IT Systems Play A Key Role In Responding To Terrorism
By Ara C. Trembly
In the post-9/11 era, financial services companies, including insurers, must utilize technology to meet federally mandated guidelines for guarding against money laundering and other “suspicious activities,” said Scott R. Harrison, a partner in PPMG, LLP, New York.
Speaking at the LOMA Systems Forum here, Harrison, formerly deputy superintendent with the New York Insurance Department, said the events of Sept. 11, 2001, showed us that “insuranceis an essential part of our national infrastructure.”
While property-casualty insurers bore the brunt of the financial damage from 9/11, Harrison said the life insurance industry also took a major hit, adding that future events could be equally serious for life companies. He emphasized that information technology professionals are a critical part of an infrastructure that must be protected.
According to Harrison, the USA Patriot Act, passed in October 2001, “imposes” enforcement duties on financial services companies with respect to anti-money-laundering activities. The Act was enacted by Congress as a way of better tracking the assets of terrorist groups.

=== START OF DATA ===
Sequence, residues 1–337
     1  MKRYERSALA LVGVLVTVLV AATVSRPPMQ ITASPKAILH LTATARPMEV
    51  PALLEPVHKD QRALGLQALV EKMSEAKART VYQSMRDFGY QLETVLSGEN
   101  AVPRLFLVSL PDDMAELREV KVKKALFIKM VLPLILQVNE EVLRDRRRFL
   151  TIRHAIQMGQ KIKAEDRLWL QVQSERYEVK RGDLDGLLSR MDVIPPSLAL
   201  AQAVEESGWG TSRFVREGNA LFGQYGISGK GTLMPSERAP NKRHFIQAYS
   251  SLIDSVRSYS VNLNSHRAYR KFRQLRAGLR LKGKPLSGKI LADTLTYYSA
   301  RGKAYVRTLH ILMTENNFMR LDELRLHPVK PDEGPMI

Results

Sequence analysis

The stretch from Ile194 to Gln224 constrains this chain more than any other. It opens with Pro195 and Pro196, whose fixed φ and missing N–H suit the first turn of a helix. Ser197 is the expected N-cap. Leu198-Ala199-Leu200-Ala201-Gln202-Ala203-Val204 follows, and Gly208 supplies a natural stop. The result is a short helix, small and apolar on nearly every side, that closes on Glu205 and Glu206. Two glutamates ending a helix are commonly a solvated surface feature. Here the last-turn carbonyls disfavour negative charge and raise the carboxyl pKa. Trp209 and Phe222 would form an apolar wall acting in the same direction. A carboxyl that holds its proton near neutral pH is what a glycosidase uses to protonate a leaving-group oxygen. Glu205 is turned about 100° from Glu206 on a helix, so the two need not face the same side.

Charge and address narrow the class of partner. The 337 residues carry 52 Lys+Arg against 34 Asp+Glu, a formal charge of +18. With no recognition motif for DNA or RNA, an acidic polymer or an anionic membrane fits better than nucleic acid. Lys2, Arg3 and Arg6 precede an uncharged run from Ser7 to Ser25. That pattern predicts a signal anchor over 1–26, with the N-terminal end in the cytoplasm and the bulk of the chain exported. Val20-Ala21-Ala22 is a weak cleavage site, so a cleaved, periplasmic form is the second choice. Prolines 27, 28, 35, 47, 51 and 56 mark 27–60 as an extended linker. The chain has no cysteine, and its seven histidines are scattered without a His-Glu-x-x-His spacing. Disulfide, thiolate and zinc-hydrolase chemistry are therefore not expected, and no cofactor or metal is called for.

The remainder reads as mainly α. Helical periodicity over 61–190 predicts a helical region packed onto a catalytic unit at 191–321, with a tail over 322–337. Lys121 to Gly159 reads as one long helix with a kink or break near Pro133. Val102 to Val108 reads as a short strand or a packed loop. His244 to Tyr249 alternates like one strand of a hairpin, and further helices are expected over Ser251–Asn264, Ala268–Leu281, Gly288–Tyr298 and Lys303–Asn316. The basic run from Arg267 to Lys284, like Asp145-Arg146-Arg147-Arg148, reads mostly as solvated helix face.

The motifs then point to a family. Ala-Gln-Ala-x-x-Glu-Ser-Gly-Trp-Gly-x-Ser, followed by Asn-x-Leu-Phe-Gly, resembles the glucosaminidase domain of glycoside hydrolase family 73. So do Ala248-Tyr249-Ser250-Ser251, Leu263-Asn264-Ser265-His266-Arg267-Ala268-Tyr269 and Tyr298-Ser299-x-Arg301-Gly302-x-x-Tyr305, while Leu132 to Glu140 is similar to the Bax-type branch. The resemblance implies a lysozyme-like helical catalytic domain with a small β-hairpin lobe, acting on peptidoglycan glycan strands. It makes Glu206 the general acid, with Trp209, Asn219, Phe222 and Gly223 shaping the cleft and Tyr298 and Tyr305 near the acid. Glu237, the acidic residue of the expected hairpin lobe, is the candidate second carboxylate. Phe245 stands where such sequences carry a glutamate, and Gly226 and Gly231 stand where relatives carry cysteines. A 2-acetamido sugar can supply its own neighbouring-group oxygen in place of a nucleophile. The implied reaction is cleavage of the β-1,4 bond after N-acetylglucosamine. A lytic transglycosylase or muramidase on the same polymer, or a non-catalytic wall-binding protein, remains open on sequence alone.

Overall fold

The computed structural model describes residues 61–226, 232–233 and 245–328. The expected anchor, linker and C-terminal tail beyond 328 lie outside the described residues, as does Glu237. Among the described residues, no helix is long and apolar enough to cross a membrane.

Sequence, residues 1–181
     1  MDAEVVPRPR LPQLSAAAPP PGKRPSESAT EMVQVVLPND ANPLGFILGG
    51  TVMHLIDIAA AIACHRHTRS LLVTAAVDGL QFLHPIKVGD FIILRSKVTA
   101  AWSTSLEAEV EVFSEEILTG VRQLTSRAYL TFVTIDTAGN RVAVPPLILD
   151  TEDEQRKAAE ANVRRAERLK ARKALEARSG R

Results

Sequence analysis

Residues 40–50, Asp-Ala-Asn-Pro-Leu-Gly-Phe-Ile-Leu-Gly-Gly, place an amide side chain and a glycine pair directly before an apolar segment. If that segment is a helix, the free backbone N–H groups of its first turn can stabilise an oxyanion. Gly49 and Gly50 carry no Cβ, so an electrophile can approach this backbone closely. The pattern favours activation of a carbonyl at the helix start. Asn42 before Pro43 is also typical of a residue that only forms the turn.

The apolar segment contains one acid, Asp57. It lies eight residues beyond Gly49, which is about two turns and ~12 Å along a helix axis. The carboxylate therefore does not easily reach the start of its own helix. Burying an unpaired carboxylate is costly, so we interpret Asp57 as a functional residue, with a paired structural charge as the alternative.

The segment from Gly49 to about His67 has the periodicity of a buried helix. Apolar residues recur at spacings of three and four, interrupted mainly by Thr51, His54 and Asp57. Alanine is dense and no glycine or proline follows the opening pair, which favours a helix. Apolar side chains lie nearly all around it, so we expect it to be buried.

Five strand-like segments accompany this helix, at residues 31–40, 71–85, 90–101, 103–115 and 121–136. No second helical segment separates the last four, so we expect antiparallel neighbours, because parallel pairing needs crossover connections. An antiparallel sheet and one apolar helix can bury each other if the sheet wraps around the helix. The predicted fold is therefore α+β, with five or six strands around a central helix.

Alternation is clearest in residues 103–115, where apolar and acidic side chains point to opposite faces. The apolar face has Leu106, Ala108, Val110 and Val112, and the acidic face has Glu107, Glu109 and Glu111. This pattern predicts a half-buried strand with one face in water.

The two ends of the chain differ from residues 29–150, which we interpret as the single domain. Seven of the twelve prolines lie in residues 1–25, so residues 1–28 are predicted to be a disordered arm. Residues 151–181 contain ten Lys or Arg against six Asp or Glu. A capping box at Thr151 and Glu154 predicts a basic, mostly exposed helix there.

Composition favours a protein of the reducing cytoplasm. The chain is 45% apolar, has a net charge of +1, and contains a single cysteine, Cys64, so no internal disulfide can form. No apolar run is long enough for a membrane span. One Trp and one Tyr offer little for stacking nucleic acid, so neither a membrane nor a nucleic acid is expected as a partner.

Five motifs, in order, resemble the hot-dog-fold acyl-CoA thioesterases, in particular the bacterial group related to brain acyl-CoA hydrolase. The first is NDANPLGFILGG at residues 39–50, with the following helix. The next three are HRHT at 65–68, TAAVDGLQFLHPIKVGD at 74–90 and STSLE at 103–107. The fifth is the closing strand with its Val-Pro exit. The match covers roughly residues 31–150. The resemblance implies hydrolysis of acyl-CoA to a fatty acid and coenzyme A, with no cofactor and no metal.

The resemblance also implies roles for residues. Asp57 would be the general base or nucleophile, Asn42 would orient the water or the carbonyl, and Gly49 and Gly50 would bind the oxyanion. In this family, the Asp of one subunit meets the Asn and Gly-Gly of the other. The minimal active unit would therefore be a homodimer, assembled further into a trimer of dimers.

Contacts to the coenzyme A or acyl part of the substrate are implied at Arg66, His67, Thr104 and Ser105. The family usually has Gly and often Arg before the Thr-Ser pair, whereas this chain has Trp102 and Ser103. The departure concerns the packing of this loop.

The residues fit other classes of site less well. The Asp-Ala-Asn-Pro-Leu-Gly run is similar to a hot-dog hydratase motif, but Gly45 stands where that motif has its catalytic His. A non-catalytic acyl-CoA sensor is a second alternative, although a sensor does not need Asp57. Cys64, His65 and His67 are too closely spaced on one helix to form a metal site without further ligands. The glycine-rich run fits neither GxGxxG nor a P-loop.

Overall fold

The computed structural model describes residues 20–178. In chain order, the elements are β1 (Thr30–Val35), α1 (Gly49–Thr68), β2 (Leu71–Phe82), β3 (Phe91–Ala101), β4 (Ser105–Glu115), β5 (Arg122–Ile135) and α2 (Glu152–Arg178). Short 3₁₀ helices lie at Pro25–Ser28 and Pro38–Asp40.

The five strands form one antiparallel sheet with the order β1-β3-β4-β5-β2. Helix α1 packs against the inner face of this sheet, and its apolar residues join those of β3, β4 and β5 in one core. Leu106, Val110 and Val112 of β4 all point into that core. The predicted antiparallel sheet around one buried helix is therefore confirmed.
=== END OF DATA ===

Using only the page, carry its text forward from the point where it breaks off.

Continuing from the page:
Harrison said the Act calls for minimum standards for identifying customers who open accounts. Overall, financial services firms must develop an anti-money-laundering compliance program, verify customer information, report suspicious activity and perform “enhanced due diligence,” he explained.
“Every piece of information [regarding accounts and transactions] must be under control,” Harrison said. “Its a huge, huge problem. Banks are still struggling with this. Your systems have not been designed to do law enforcement detection.”
In order to create a compliance program, he noted, financial institutions need to develop internal policies and controls, designate a compliance officer, conduct ongoing employee training, and have an independent audit function to test the program.